The 21-year-old, from Waterlooville in Hampshire was brought down on the descent to Southwick as the riders completed the second of five laps around Portsdown Hill.
He was travelling at close to 40mph when the crash happened and hit the deck on the opposite side of the road.
Paramedics diagnosed a dislocated shoulder at the scene before X-rays at Queen Alexandra Hospital later revealed fractures on the socket and his right shoulder blade.
His arm is now in a sling but that hasn’t stopped the Pedal Heaven Excel Academy rider returning to training.
Stainton-Ellis said: ‘I’m back on the turbo with my arm pulled in. It’s okay.
‘The soft tissue is obviously a bit tender where I have impacted on it and that has swollen up but it is not too bad.
‘I did a gentle spin on Monday just to loosen the legs. I’m determined it won’t hold me back for long.
‘My next race wasn’t due to be until March 13. So in terms of picking a time to be injured, I couldn’t have chosen a better one.
‘I’m not sure if I will be ready to race then but obviously I will keep up with the fitness on the turbo.
‘It is just going to be a case of when I can support myself. Hopefully I won’t be out for too long. I don’t intend to be!’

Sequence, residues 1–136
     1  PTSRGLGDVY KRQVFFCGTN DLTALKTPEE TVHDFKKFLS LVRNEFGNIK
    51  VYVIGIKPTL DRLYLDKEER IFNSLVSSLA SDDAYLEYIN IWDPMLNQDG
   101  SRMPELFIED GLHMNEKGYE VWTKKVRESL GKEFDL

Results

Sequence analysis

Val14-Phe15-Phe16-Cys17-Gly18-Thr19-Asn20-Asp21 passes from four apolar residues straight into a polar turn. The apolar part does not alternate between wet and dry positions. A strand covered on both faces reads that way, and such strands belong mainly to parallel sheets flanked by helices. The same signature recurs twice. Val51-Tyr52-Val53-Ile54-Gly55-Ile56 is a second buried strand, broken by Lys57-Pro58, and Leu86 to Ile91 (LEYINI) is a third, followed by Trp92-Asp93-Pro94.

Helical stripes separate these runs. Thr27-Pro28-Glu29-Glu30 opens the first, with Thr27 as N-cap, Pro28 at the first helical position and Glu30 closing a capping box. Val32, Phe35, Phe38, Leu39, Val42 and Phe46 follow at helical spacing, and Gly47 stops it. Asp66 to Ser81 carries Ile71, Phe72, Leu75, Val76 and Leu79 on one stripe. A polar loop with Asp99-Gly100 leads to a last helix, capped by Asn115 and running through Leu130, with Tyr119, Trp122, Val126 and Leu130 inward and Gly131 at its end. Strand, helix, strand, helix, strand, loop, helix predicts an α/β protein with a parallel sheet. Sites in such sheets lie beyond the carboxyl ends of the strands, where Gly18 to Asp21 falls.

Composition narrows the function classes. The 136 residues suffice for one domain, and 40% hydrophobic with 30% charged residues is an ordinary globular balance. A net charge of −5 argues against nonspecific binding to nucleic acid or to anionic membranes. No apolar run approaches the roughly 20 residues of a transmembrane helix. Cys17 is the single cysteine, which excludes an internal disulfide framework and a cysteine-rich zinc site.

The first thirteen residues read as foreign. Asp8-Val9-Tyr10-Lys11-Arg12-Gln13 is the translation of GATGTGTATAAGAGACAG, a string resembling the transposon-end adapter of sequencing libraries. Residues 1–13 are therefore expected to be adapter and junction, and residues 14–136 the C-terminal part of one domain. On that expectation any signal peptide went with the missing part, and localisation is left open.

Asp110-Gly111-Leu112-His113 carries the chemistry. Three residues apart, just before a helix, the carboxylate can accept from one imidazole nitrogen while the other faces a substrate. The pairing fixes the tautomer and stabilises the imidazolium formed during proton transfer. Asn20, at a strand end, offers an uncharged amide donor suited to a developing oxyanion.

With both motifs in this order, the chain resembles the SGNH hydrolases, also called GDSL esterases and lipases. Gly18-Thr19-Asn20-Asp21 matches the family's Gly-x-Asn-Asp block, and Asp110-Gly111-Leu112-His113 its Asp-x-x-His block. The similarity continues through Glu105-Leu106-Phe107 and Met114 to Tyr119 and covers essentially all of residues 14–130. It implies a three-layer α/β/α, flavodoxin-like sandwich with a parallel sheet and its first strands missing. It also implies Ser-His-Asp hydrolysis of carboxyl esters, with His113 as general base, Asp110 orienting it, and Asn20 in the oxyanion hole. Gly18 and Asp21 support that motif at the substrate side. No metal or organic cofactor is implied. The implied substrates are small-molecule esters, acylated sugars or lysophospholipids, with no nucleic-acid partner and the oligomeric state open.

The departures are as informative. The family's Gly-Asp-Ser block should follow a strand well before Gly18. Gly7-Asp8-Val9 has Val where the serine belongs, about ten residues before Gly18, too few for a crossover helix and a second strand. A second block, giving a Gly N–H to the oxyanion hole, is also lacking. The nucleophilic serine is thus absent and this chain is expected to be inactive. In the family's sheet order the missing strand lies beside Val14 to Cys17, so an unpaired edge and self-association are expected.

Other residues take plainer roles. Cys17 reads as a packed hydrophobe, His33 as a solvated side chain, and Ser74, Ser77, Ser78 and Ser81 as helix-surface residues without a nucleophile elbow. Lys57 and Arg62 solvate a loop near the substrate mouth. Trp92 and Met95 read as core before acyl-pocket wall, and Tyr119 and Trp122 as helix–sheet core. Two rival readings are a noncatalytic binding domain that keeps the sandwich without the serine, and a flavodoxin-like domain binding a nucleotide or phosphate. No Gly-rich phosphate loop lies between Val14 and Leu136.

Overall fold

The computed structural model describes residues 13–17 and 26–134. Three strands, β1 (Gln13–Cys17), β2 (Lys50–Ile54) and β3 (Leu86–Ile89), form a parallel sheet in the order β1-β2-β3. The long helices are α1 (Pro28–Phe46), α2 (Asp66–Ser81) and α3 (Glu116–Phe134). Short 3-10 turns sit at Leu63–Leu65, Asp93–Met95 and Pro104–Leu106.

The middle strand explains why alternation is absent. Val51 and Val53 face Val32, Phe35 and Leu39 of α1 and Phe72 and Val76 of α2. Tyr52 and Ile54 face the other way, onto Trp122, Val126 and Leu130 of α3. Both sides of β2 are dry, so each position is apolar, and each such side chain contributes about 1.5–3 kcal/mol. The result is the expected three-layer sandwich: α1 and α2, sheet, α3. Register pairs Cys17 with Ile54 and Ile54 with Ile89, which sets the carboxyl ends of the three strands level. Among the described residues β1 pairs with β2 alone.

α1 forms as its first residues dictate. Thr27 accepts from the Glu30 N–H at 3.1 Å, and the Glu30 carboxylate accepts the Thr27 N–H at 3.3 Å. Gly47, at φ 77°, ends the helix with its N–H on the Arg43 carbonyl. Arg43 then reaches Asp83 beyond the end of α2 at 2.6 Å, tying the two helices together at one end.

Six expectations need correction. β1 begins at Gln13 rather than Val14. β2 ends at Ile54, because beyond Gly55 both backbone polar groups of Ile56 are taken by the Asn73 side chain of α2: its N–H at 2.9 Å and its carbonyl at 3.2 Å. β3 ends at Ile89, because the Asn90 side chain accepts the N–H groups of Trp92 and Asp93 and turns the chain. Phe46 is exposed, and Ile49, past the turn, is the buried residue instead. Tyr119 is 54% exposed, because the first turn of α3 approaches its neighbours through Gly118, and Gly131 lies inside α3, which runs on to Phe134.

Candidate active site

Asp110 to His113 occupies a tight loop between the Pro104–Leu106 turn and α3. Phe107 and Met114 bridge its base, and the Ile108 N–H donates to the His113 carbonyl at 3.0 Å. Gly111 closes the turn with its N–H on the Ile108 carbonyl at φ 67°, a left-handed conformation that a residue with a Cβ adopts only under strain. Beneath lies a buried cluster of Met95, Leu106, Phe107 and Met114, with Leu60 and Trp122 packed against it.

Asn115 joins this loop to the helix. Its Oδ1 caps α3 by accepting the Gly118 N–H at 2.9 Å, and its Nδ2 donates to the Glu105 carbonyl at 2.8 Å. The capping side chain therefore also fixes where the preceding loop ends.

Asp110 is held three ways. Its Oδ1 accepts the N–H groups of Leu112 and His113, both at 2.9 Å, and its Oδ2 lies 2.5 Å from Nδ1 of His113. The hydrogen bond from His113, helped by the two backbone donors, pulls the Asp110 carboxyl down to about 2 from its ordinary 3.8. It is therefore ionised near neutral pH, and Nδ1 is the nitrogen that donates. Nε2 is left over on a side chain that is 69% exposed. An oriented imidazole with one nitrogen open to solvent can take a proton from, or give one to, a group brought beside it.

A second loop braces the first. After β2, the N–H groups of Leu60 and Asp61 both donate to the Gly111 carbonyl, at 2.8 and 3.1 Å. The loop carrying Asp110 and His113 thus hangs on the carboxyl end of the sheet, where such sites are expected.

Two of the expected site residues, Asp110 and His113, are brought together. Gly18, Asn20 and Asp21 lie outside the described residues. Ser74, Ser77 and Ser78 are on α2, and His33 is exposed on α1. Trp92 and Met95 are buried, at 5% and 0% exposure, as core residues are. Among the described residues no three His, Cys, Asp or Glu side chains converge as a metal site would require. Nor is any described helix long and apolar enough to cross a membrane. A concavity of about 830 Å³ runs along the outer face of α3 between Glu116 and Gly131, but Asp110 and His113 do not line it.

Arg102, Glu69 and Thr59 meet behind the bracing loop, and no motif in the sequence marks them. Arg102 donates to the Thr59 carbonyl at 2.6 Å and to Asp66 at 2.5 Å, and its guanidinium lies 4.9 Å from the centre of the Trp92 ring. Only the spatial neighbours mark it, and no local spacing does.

Stainton-Ellis was making his debut for the Pedal Heaven Excel Academy after earning a place on the UCI Continental team’s development squad last season.
And he counts himself lucky his first major crash as a bike racer was not worse.
He added: ‘We were heading down towards Southwick and we had just started a bit of through-and-off which was working well.
It happened towards the bottom, as it flattens out around the lay-by.
I think someone came off the front and sat up, which caused a ricochet down the bunch.
The chap in front of me has moved to avoid another wheel and in the process has taken me out.
At that speed, there was very little I could do. But that’s all part of bike racing.
As I was heading towards the ground, I was just hoping there was not a car coming because I was going down into the offside lane. Fortunately there was not.
At the roadside, the paramedic told me I had dislocated my shoulder.
He sent me down to the hospital because he thought it had relocated itself and wanted to check it hadn’t caught anything on its way back in.
It was only later in the evening the X-rays showed I had a crack across the socket and along the top of the shoulder blade.
In four years of riding this is the first time I have actually come down. I count myself extremely lucky really"